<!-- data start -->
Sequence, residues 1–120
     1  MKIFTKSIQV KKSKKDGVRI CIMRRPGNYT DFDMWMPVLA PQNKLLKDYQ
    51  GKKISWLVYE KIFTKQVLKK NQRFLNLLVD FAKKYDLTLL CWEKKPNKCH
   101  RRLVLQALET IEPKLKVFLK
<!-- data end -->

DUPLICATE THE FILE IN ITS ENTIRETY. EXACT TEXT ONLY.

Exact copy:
Sequence, residues 1–120
     1  MKIFTKSIQV KKSKKDGVRI CIMRRPGNYT DFDMWMPVLA PQNKLLKDYQ
    51  GKKISWLVYE KIFTKQVLKK NQRFLNLLVD FAKKYDLTLL CWEKKPNKCH
   101  RRLVLQALET IEPKLKVFLK